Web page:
The End of a “Safe America”

That the American homeland is inviolable has been a basic tenet of U.S. policy, psychology and life for nearly two centuries.

Yes, there have been scares and alarms. We feared, for example, that the Japanese would attack the West Coast in 1942 and that the Soviets would hit us with nuclear missiles during the Cold War. But those things never happened, and one can reasonably doubt that they ever would have.

But the “safe America” tenet was demolished, along with the World Trade Center buildings and a section of the Pentagon, on Sept. 11. Commentators have noted that the terrorists picked their targets with a keen eye for symbolism. They struck buildings that most represent U.S. economic and military power, the two forces that give our will such heft in the world.

But the attack was evoked an more potent symbolism. It demonstrated beyond the shadow of a doubt that the U.S. homeland was vulnerable. That has never been the case since the 1820s, when the British agreed to back our Monroe Doctrine and shield the Americas with their navy.

The terrorists’ grim lesson has profound implications for our security policy, but also for our diplomacy. For the moment, the reasons for the attack don’t matter. It was an atrocity that calls for whatever retaliation is required to destroy the perpetrating forces, and make a repetition impossible and unthinkable.

But when that is done, the people who influence and shape U.S. policy should think seriously about the hatred we seem to have elicited around the world. They should do so without the hubris and automatic patriotic cliches (“they hate us because we represent freedom”) that often spring to our lips in international crises, including this one.

Hatred that can motivate an attack on such a scale cannot be trivialized and should not be ignored. When pictures of this grotesque disaster can set a crowd dancing in the street of a city abroad, we need to understand why. That will take more careful thought and franker analysis than has characterized our diplomacy to date.

Countries around the world, even one as friendly as Britain, have expressed dismay at America’s Lone Ranger style in world affairs. And they did so even before President George W. Bush made it the hallmark of our diplomacy. And when that style involves our shooting at others it becomes particularly problematic.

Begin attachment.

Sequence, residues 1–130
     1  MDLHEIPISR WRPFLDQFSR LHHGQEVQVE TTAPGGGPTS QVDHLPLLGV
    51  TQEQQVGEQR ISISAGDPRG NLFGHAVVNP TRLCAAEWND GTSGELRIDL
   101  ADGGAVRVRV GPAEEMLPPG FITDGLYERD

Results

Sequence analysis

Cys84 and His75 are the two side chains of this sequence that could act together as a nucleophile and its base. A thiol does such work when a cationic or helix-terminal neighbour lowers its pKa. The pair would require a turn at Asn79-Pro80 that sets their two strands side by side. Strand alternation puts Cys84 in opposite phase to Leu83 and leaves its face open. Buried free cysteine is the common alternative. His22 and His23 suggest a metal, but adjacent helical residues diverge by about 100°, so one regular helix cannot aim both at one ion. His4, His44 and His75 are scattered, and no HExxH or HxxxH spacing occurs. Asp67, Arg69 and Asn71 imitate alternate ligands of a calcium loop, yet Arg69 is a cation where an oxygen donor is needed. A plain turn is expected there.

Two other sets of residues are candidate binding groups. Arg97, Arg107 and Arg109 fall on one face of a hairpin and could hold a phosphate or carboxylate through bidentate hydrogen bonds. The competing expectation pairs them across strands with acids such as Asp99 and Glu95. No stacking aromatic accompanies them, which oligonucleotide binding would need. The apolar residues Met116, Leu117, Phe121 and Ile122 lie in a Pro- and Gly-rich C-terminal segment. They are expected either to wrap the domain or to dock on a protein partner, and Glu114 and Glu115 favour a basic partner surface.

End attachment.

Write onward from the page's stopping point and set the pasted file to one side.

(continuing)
U.S. warships lobbed shells into the Lebanese countryside as we removed our Marines from Beirut in 1984. President Clinton ordered missile and bombing attacks on Baghdad at various times in the 1990s. And we continue other, increasingly pointless, air attacks in Iraq. All those actions have raised political controversy even in the United States. They have had little political payoff for Washington, and they have earned us great resentment abroad. Would we have acted so recklessly if we were even a fraction as vulnerable as our foes?

Surely not. We need to ask ourselves when it is that we must be violent and when are we using violence simply because it is satisfying or easy. Our security now demands that we review our policies regarding the use of force. Is it adding to the hatred of this country in the world? Can we still ignore that hatred? Can we simply dismiss it with patriotic cliches?

Much of the antagonism toward America today grows out of the Israeli-Palestinian conflict. We would not be giving in to terrorism if we were to review our policy toward that endless crisis. It has long been absurd for the United States to pose as “an honest broker,” as we often describe ourselves. We guarantee that Israel will not be overpowered; we help arm it; we send it more aid than any other country in the world. Consequently, we ourselves come close to being a belligerent nation.

It is time that we encouraged real international mediation in that crisis. Yes, we should remain a major participant, but we should step out of the middle because we so overwhelmingly favor one side.

Meanwhile, if the Sept. 11 attack did indeed relate to the Middle East crisis, all reasonable Palestinian sympathizers would do well to help us stamp out its perpetrators. Until recently, most Americans have been aware of Arab opposition only through violent images. These have included that of an American sailor beaten to death on a hijacked plane, an elderly man in a wheel chair thrown into the sea, embassies bombed and on and on.

Lately, however, Palestinians and their supporters seem to have realized that these acts will not change American policy toward Palestine and Israel. That can only be done in the United States, something their opponents have long understood. Supporters of the Palestinians, including many Arab-Americans, should have been building their lobby here for decades. Still, they have at last started working for sympathetic publicity. They have even scored a “positive” story even on the front page of the New York Times. At last, we thought we could say, “they get it.”

And now this! If the attack has Middle Eastern roots, it is hard to see how it will do anything but harm the Palestinians.

Henry Butterfield Ryan is a writer for the History News Service. He is also an associate of the Institute for the Study of Diplomacy, Georgetown University, and a Life Member of Clare Hall, Cambridge.

September, 2001